Tensions between Taiwan and China are increasing.
On Saturday, China began massive military drills around Taiwan, in direct response to Taiwanese President Tsai Ing-wen’s meeting with Speaker Kevin McCarthy in the US House of Representatives.
A large number of Chinese ships and aircraft took part in this weekend’s drills, which a spokesman for China’s Ministry of Foreign Affairs described as “a necessary step to protect national sovereignty and territorial integrity”.
On Sunday, China also simulated a precision strike against Taiwan, reported China’s state-run TV channel CCTV.
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In precision strike, China’s military is practicing island encirclements and precision-guided missile strikes in the waters and against key targets, according to the channel.
– The exercise is necessary to ensure China’s national sovereignty and territorial integrity, Chinese army spokesman Shi Yin said Danish Television 2.
As of Sunday, more than 58 Chinese aircraft were reported to have been over Taiwan. In addition, 20 warships, of which about 10 belong to Taiwan’s military, are said to have guarded the Taiwan Strait, wrote TV 2.
The Taiwan government has been highly critical of the exercise. Tsai wrote on Facebook late Monday that her visits abroad, including to the United States, were nothing new and it was something the people of Taiwan had come to expect from her.
– But China has used this to initiate military drills, which has destabilized Taiwan and the region. This is not a responsible attitude for a major country in the region, Tsai wrote.
On Monday, China announced that it was ending three days of military drills. However, in a statement on Tuesday, Taiwan’s Defense Ministry said Chinese naval vessels were still in the waters around the island.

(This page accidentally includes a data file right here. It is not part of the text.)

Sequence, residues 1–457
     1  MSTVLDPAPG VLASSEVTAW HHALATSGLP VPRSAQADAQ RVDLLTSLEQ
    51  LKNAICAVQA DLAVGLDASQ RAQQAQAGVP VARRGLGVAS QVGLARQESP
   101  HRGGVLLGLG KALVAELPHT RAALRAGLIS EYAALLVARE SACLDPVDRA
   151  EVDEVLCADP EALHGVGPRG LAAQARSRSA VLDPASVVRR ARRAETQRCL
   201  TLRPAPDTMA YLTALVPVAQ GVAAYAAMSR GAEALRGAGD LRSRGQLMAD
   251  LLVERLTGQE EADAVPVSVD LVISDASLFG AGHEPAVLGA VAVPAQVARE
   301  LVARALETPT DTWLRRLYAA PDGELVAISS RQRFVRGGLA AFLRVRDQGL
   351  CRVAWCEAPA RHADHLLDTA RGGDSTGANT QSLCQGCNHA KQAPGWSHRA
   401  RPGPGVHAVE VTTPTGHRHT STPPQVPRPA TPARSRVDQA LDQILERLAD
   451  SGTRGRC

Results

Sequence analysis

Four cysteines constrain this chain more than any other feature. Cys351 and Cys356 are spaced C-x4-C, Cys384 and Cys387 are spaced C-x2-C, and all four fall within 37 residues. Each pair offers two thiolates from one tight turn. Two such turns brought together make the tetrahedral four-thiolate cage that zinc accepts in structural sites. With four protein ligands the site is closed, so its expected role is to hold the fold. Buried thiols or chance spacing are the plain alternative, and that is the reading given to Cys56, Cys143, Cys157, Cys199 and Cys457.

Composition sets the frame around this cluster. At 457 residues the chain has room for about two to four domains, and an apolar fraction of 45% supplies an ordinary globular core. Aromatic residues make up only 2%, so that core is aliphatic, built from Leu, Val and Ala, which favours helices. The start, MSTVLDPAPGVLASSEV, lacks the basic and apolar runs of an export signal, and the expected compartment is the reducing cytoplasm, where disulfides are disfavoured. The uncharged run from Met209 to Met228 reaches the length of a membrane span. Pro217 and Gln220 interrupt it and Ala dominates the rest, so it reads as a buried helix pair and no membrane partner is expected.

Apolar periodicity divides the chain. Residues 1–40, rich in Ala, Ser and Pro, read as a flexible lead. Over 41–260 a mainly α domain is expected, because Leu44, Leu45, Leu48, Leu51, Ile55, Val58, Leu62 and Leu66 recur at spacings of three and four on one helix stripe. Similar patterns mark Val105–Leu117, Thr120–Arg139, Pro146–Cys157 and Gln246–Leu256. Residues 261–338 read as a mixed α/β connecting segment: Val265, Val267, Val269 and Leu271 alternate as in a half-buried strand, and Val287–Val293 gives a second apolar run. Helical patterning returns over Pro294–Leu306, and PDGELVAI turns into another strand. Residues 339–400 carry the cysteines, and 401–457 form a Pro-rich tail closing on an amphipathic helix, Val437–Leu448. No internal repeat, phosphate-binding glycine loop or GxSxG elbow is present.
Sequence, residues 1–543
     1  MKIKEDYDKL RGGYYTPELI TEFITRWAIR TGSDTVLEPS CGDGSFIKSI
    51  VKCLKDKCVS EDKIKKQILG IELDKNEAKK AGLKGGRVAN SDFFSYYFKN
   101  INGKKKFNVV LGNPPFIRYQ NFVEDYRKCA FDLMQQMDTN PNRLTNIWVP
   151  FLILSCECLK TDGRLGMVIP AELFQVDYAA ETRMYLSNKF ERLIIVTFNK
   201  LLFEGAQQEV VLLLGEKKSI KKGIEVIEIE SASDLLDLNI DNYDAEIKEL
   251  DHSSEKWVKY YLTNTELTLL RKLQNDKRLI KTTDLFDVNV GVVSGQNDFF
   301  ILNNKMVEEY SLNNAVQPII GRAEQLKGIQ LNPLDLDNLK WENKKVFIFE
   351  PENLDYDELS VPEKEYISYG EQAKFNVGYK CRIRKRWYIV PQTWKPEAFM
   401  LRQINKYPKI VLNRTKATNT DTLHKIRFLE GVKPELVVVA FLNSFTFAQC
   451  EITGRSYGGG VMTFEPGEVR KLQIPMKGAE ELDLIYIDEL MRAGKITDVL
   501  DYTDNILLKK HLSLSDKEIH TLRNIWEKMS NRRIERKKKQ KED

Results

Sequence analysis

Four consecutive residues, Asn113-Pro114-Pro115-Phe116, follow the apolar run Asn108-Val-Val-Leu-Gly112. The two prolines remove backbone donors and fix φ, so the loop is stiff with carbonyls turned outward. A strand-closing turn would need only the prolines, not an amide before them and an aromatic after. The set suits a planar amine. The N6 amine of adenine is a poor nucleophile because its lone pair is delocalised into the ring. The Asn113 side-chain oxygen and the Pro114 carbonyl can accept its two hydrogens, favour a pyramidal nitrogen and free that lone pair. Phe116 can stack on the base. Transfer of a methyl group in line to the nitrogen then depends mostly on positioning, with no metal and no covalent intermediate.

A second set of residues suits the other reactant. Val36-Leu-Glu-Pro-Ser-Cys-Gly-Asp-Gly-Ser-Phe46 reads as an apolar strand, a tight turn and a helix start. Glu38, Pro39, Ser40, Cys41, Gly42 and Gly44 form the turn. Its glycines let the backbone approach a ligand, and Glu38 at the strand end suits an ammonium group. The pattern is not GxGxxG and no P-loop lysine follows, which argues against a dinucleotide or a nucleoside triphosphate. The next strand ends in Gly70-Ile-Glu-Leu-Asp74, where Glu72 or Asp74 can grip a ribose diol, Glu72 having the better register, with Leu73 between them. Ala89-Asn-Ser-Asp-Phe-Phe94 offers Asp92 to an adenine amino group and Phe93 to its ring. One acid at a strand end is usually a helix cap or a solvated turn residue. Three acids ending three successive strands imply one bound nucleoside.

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China and Taiwan have been separated since 1949 when the Communists won the Chinese Civil War and took control of the mainland. Defeated nationalists seek refuge on the island of Taiwan.
China considers the island part of its territory. The United Nations, Norway and most countries in the world are linked by the “one China principle”. At the same time, the United States is selling weapons to Taiwan, which China doesn’t like.
The leadership in Beijing has repeatedly threatened to attack Taiwan if the authorities there formally declare independence.
The conflict between the two countries peaked in August last year. The leader of the US House of Representatives, Nancy Pelosi, is visiting Taiwan as part of an Asia tour – a visit that was met with warnings and a strong reaction from China.
Chinese authorities believe the visit was “provocative” and “undermines China’s sovereignty and territorial integrity”. Just hours after Pelosi’s plane landed on the island, Chinese authorities launched the largest military drills ever.
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